‘Taratari gol kor, thanda hoe gele pakate asubidha hobe’ (Roll the balls quickly while it's still hot, otherwise they'll be difficult to mold when they are cold), my grandmother would say whenever I assisted her in making ‘Narkel Naru’ (coconut laddoos or sweet coconut balls). No matter how hot the mix was, no matter how red my palms were (from rolling the hot coconut sugar/jaggery mix), I tried rolling them faster and gulp down 1 or 2 'Narus' (Coconut laddos) in the process.
Though, 'Bijoya Dashami' marking the end of Durga Puja, made me feel sad after the days of festivities, it also brought in new excitement of preparing and eating delicious treats which were majorly reserved for 'Bijoya Dashami'. Nimkis (diamond shaped crackers), narus and ghugni (veg peas curry without onion) were prepared beforehand to be served to guests visiting on the occasion of Bijoya Dashami. In addition to that, our father would bring rasogollas, bonde (sweet boondi), pantua from nearby sweet shops. And once the Dashami was over, there would be a constant stream of guests (our neighbours, friends, father's colleagues) which would extend till Kalipuja or Diwali - and so would there be a constant supply of the delicacies.
After bidding a symbolic adieu to Goddess Durga by offering our prayers, sweets and 'sindoor' (vermillion) by married women, we (us siblings) couldn't wait to gorge on the delicacies viz., narus, nimkis, bonde, rasogollas, ghugni, after returning from the pandals and seeking the blessings of elders by touching their feet. More varieties of narus (laddoos) (viz., tiler naru (Sesame laddoo), chinir narkel er naru (coconut laddoo made with sugar), gurer narkel er naru (coconut laddoo made with jaggery) would be prepared during Lakshmi Puja which is held five days after Bijoya Dashami. And thus, would start our sweet and savoury treats which would last till Kalipuja/Diwali.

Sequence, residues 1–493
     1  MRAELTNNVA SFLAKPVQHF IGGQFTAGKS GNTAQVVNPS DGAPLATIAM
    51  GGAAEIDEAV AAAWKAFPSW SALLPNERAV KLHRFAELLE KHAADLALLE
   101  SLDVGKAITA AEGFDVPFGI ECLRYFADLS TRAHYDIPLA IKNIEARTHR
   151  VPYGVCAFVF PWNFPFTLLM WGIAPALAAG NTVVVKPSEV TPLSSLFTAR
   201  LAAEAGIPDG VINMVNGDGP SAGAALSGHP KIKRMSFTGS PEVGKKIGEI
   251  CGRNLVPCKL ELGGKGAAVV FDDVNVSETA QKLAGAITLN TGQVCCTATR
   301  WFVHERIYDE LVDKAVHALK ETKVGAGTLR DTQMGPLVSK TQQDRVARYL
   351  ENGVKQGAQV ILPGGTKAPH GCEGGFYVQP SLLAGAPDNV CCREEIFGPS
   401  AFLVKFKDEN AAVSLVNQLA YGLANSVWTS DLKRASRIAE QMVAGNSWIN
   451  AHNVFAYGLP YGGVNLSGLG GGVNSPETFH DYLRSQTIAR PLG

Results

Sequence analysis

While I wish I could return to those childhood days of fun, fervor, foods, light, and enjoyment without a care in the world, where interactions were physical rather than digital, where major part of our days were not engrossed in the digital world, the aromas of certain foods make me relive those childhood memories. 'Gurer narkel naru' (Coconut laddoos made with Jaggery) is one such food which I've always loved. Also, I do not restrict myself to prepare this delicacy only at Dashami. While the gurer naru (jaggery laddoos) made on the occasion of Bijoya Dashami are made with Akhi Gur/Akher Gur (Sugarcane Jaggery), the flavour of khejurer gur (Date Palm Jaggery), which is available with the onset of winter, adds a sweeter aroma to the laddoos. The only difference is now I have to prepare it alone from start to end without the cautionary notes from my grandmother.
So here's enjoying the winter onset with Khejur gurer narkel naru (coconut balls made with date palm jaggery).
**Recipe for Khejur Gurer Narkel Naru (Coconut balls/laddoos made from Date Palm Jaggery)**
1 medium-sized coconut - grated (While my grandmother used to grate the coconut with a kuruni, I grate it with a hand grater)
Khejurer Gur/Patali (Date Palm Jaggery) broken or cut into small pieces (as per desired sweetness)
Powdered Cardamom (1/2 tsp)
Dry roast the grated coconut in a wok in low flame to reduce the moisture from the coconut. However, do not allow the coconut to turn brown.
Then add the jaggery and cardamom powder to the roasted coconut and mix it thoroughly stirring non-stop as the jaggery melts. Stir and cook this mixture until the mixture slightly thickens. You can take a small portion of the thickened mix and try to roll it into a ball to understand whether it has attained the right consistency. If it can be molded into a ball, then the mix is ready.
Turn off the flame and roll them into balls when the mix reaches an agreeable temperature to touch.
Store them in an airtight container and enjoy it whenever you want...